The widow of the captain of the El Faro described her husband as a cautious and experienced mariner who did not cut corners.

“He wanted things done correctly, you know, by the book. Everything he did was by the book,” Theresa Davidson said of her husband, Michael Davidson, when she was interviewed by a team of federal investigators at the Coast Guard office in South Portland on Jan. 5 of this year.

The interview, which is part of the 500-page transcript released by the National Transportation Safety Board on Tuesday, provides the public with the first look into the professional life of the Windham man who captained the ship that sank in the Caribbean last October, killing all 33 aboard. The transcript also represents Theresa Davidson’s first public comments on the catastrophe.

Michael Davidson, a 1988 graduate of the Maine Maritime Academy in Castine, lived in Windham with his wife and their two children. Theresa Davidson could not be reached for comment Tuesday night on her reaction to the transcript.

The NTSB and Coast Guard investigators who interviewed Davidson told her, “We’re not here to assign any fault or blame or any liability. We want to see what we can do to prevent this from happening again.”

Investigators asked her a broad range of questions from how she communicated with her husband at sea – mostly by email or text – whether he liked his crew, and about the condition of the ship.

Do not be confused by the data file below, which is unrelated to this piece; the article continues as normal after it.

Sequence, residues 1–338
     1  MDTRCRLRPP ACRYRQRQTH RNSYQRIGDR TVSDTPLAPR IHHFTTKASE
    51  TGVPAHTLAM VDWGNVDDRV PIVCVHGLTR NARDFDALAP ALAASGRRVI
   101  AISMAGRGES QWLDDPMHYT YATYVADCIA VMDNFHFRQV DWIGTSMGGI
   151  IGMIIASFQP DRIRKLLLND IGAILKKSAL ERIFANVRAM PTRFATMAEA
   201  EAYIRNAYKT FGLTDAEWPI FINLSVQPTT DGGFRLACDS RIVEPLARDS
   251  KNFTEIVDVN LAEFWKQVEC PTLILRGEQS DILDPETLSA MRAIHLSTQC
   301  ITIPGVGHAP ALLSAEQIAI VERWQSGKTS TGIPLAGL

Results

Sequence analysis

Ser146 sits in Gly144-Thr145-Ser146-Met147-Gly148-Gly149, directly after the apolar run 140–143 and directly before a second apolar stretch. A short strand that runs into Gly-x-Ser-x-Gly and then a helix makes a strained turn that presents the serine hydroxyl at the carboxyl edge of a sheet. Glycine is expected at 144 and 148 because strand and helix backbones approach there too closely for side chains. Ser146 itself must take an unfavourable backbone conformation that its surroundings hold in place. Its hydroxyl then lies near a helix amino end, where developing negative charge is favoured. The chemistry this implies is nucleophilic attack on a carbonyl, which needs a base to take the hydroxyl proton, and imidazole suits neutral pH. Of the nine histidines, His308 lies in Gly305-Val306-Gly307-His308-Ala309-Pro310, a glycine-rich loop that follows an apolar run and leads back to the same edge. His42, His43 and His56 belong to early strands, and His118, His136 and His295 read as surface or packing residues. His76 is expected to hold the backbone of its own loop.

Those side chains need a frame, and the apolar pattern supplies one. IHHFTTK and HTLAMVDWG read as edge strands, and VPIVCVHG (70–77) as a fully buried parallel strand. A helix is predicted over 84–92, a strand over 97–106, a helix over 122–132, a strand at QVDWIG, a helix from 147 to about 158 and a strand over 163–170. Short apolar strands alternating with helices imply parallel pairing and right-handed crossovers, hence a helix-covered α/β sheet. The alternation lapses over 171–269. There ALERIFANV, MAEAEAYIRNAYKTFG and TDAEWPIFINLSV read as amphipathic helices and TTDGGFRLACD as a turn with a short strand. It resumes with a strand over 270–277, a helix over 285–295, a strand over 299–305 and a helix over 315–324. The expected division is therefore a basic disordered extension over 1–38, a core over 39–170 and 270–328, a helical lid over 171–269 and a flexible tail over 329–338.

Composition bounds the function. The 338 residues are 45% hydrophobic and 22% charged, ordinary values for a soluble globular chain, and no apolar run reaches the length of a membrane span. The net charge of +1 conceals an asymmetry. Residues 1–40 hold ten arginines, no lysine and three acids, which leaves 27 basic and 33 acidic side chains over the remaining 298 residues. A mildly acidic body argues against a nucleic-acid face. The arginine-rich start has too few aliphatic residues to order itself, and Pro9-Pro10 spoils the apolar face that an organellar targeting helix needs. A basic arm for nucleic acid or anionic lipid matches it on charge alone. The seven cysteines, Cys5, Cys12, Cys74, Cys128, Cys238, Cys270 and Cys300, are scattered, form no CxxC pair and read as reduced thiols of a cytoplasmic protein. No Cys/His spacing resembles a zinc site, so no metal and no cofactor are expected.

“Did he say boy this thing is a wonderful ship? This is a piece of junk. I mean how did he portray the ship to you?” Brian Young of the NTSB asked.

“Well, he didn’t really talk about the ship in general, but he did send me a text one time (in August) and said that there was propulsion and gyro issues,” Davidson replied. “And that the main (computer) server was down.”

Davidson was asked whether her husband ever mentioned any structural damage to the hull that might have caused leaks. She said he never mentioned defects. She also told the investigators that her husband would not have taken any ship out to sea if he knew it needed repairs.

“He wasn’t that kind of person, he was too safety conscious himself. He wouldn’t have done it,” she said.

Davidson said her husband stood by his beliefs, even if it involved bucking upper management. He left one shipping company because “they were asking him to do something that was unsafe on the ship as captain.”

That led him to take a job as third mate on a ship owned by TOTE, the company that owned the El Faro.

Investigators asked her if her husband was being pressured by TOTE management to meet a delivery schedule on his route from Florida to Puerto Rico last fall. They also asked if he was forced to change course by the company during Hurricane Joaquin.

“He never said anything like that,” Davidson said. As for the course change, she said, “I didn’t even really know he changed course until after Oct. 1.”

Davidson ended the interview by telling the investigators, “like the other family members, we just want to know what happened.”